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Little Change in The General Economy for 2018, Unless. . .

Southwest 2018 Outlook: U.S. economy likely to resemble 2017, but uncertainties remain in place.

Larry Sanders

January 10, 2018

3 Min Read

 The general economy of 2018 is poised to be somewhat similar to 2017. However, this article was written at a very delicate time in late 2017 with tax reform uncertain, a new farm bill in the works, and trade issues uncertain.

 The economy is exhibiting healthy signs that will continue into the first part of next year.  Economic growth will likely continue in the 2 percent to 3 percent range.  Unemployment is likely to remain relatively low for those looking for jobs, likely in the 4 percent to 4.5 percent range. We have had an incredible run with low to no inflation.  While it is ticking up a bit, it is likely to remain in the 2 percent range. Trade is somewhat stable, but the trade deficit has worsened. With a strong dollar expected, that will dampen US exports somewhat and further increase the trade deficit.

 The Federal budget deficit and debt remain high, tempered by economic growth. The Federal Debt as a percentage of Gross Domestic Product (a measure of economic growth) is at its highest since WWII, and will likely increase over the next few years.

 Consumer spending, the engine of the economy, was down in 2017, and is likely to increase in 2018, but probably not much above 2016 levels. Government spending, another key factor in economic growth, is holding relatively steady and is not likely to provide much of a boost to the economy in 2018. Business investment, another important economic growth factor, has recovered from a 2016 slump and is likely to increase or stabilize.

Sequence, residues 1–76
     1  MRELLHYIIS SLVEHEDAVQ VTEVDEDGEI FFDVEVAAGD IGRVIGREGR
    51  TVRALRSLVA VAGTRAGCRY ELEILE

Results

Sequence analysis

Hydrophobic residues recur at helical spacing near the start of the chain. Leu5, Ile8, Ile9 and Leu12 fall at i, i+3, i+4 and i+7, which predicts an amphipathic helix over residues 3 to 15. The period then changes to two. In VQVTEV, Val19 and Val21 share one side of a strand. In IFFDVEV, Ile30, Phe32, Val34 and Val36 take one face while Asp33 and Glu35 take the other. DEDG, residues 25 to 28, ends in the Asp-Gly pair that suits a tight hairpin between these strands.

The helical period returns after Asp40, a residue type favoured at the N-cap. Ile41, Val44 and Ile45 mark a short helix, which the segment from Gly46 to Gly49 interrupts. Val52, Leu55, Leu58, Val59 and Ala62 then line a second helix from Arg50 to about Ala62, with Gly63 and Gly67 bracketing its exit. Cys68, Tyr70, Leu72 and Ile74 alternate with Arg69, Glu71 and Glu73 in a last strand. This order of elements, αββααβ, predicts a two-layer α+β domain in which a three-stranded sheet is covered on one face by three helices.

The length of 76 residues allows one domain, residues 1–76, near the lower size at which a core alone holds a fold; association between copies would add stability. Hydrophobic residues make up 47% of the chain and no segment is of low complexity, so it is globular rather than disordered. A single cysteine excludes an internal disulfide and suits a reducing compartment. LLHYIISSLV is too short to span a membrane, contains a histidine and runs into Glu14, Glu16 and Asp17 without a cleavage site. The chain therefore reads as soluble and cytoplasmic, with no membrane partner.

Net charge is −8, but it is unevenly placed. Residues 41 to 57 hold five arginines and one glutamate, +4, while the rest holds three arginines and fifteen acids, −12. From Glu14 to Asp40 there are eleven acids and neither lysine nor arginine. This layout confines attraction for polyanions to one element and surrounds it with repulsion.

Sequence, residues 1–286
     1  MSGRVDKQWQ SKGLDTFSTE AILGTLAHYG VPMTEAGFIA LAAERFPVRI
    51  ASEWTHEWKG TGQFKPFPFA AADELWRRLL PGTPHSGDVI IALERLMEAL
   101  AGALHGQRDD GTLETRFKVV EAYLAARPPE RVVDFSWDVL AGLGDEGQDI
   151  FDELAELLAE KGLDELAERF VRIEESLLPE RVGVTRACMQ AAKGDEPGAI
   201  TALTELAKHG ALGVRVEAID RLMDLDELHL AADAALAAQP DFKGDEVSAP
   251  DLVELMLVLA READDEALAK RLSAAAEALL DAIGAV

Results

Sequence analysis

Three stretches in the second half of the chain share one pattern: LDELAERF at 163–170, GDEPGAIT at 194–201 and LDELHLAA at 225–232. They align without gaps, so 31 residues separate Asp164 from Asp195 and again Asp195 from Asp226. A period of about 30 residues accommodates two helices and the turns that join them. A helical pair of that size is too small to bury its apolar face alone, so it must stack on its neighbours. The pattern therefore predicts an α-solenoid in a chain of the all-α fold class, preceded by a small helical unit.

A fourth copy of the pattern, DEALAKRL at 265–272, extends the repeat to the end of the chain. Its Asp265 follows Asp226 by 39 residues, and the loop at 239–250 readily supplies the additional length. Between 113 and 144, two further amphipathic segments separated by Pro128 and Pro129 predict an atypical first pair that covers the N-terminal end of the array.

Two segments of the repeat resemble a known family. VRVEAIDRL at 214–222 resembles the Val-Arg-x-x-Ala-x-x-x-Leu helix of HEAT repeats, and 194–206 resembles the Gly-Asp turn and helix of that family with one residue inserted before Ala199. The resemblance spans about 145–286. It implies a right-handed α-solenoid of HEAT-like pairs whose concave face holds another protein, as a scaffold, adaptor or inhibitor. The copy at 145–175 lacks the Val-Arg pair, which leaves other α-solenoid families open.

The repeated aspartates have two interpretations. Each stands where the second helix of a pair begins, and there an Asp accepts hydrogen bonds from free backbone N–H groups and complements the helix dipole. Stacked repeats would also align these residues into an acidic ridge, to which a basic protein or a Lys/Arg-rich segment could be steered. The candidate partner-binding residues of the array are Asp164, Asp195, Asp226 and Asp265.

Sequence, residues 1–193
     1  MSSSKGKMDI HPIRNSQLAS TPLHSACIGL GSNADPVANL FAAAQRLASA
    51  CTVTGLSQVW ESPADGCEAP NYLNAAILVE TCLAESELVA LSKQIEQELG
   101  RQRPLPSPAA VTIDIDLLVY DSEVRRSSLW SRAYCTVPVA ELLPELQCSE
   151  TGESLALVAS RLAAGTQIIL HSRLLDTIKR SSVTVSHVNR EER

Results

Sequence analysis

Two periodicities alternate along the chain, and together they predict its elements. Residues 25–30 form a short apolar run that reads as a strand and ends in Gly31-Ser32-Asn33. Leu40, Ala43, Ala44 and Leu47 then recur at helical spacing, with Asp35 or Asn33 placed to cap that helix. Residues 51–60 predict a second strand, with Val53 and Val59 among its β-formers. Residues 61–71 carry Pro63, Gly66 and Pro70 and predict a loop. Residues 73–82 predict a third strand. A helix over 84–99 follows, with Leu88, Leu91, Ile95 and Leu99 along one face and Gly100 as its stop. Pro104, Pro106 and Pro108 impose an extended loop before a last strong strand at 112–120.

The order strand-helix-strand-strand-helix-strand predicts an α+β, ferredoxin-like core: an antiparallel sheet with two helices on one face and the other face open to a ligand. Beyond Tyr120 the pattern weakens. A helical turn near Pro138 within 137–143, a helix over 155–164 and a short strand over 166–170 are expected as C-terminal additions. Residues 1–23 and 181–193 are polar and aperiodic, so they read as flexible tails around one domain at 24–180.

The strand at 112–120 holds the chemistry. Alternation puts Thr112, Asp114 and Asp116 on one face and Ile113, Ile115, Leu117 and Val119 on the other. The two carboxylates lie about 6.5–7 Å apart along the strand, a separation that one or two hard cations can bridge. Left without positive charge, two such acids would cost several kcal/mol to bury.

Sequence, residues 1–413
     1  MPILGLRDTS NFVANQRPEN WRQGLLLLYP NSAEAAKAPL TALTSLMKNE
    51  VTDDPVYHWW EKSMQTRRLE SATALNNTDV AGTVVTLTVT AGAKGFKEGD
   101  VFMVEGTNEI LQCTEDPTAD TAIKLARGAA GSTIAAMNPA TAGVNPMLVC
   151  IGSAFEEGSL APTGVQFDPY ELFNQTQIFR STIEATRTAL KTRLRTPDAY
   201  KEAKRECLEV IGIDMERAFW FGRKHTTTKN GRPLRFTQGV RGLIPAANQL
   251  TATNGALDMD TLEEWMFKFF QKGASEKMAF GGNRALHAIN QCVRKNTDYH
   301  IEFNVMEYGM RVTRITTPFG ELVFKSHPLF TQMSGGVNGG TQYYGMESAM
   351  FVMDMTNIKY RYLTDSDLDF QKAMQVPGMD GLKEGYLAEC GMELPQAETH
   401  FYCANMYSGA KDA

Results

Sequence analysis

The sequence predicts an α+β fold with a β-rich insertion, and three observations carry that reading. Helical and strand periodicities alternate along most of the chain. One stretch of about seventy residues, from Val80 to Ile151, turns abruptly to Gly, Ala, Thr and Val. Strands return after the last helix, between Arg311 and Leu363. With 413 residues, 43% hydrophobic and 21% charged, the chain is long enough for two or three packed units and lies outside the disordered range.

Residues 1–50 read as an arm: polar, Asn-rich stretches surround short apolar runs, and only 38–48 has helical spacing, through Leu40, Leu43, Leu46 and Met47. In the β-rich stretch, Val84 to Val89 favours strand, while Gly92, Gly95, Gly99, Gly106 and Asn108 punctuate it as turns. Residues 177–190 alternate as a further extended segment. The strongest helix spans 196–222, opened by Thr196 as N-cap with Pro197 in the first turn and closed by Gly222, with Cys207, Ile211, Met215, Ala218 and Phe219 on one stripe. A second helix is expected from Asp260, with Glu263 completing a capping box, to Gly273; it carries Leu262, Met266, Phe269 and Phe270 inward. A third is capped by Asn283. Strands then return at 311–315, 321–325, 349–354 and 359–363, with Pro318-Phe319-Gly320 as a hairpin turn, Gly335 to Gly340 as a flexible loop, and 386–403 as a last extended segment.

That’s the economy on automatic, so to speak. Big changes from tax reform or trade could change projections, but it is unclear how soon. Congressional tax proposals as of this writing call for lower tax rates for most Americans, probably in the 0.9 percent of GDP range. In spite of the rhetoric, scientific review of historical data shows that lower rates do not improve economic growth. In fact, GDP has trended down with lower rates for top income earners, and the Federal Debt has increased. The trend in income tax revenue as a percentage of GDP has declined over the past 60 years, while growth has also trended down. The US, again in spite of political spin, is among the lowest taxed countries in the world. 

 Net Farm Income (NFI) is slowly recovering. It will likely be stable to slightly up for 2018.  As a bridge to the trade article in this section and to suggest that Agricultural Exports are a key part of NFI, the graph below is shown. Correlation is not causation, but there is no doubt that exports have become an important part of the demand picture for agricultural goods and their price changes. The President has indicated some support for bilateral trade agreements with the attempt to improve beef exports to China.  Producers are betting that regulatory cuts will improve economic growth and profits, but scientific analysis suggests this is uncertain.


About the Author(s)

Larry Sanders

Extension Economist, Oklahoma State University

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